Click here to see the SAS code.
Click here to see the example.

Sorry for the 'butchered' file name! ... I created this 
example a long time ago, back when the length limit used
to be 8 characters! :)

This is a 'dashboard' example, created using 'bar' charts
(rather than gauges or CSFs).  ergo, the name 'DashBard'
(sounds like dashboard, but it is a dashboard that has been
innundated with bars ... ie, it's been "bar'd" -- it's 
good that my graphs are better than my jokes! ;)

I started with the examples from examples on the iDashes website...
The iDashes dashboard is very fancy/pretty, with cute gauges,
but people are finally starting to revolt against the 'cute' 
dashboards, and lean more towards simple/functional dashboards
that only display the important information, and are simpler
and less cluttered.

I changed the iDashes data slightly, and then created my own 
SAS dashboard using just simple bar charts.

First I wrote a macro that can take several parameters describing
the bar chart I want (the binning/values, the colors, the titles,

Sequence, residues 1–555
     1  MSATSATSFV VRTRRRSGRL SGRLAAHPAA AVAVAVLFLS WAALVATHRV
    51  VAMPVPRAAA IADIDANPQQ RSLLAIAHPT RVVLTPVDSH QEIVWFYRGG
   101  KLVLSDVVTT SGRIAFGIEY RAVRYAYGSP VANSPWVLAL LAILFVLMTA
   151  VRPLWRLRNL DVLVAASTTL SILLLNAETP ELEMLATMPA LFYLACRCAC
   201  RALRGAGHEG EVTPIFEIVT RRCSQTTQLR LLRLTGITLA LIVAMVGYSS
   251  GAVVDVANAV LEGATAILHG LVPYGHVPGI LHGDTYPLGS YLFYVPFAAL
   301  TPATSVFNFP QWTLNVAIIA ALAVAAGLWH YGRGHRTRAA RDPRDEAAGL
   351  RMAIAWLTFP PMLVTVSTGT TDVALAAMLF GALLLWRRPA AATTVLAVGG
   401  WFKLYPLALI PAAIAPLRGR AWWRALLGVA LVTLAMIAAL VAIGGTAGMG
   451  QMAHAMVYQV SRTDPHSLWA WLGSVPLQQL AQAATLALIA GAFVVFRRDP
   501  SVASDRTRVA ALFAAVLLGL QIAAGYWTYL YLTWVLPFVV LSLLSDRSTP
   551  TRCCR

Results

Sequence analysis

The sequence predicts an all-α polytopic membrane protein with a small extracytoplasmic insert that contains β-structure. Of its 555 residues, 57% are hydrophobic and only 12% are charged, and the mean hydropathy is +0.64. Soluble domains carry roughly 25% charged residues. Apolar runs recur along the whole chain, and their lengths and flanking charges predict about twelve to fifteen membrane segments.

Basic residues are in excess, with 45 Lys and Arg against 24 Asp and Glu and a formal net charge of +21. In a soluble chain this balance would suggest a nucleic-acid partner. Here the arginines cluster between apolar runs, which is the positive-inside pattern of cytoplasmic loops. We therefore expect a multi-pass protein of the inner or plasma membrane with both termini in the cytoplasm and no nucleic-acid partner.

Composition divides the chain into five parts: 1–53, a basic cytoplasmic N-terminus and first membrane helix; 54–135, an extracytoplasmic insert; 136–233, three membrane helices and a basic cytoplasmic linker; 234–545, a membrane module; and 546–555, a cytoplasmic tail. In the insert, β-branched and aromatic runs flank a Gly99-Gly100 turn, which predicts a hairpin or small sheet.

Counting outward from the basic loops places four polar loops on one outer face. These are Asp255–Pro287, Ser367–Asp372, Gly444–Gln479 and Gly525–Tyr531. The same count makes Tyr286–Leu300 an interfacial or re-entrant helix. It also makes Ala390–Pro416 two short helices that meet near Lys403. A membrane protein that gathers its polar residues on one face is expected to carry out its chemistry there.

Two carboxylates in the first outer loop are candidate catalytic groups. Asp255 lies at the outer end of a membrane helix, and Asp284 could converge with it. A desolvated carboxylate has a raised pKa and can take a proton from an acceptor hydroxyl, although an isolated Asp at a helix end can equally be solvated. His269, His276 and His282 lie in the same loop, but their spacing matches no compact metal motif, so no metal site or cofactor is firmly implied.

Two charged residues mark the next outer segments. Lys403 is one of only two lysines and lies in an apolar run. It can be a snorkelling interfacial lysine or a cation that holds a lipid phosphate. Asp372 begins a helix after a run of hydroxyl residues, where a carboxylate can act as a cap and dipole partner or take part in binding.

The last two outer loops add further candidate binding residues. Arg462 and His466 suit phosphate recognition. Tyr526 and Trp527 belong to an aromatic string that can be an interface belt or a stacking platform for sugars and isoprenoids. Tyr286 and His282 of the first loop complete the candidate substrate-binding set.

and where to locate the actual-value marker, etc.  Note that this 
macro gives you total control of the min/max of each bar segment
(ie, the "binning") rather than auto-scaling, or always starting
the bar at zero.  This gives you total control, and also (as
demonstrated in the last 2 bar charts) you don't have to make
all the segments the same size (a nice/flexible feature, I think!)

I then create the 8 bar charts I need (saving the output in named gsegs).
And, I display them on the same page using "proc greplay" and
a custom 4x2 template.  The good thing about greplay is it gives
you *complete* control over designing the template, and it also
preserves the charttip/drilldown capability.

And, for a final "nice touch", I annotate a gradient/shaded
background behind each bar chart :)  Since the "Operating Expense"
chart is sort of "opposite" from the other charts (ie, a low value
is good, and a high value is bad), I reverse the gradient background
in that one.

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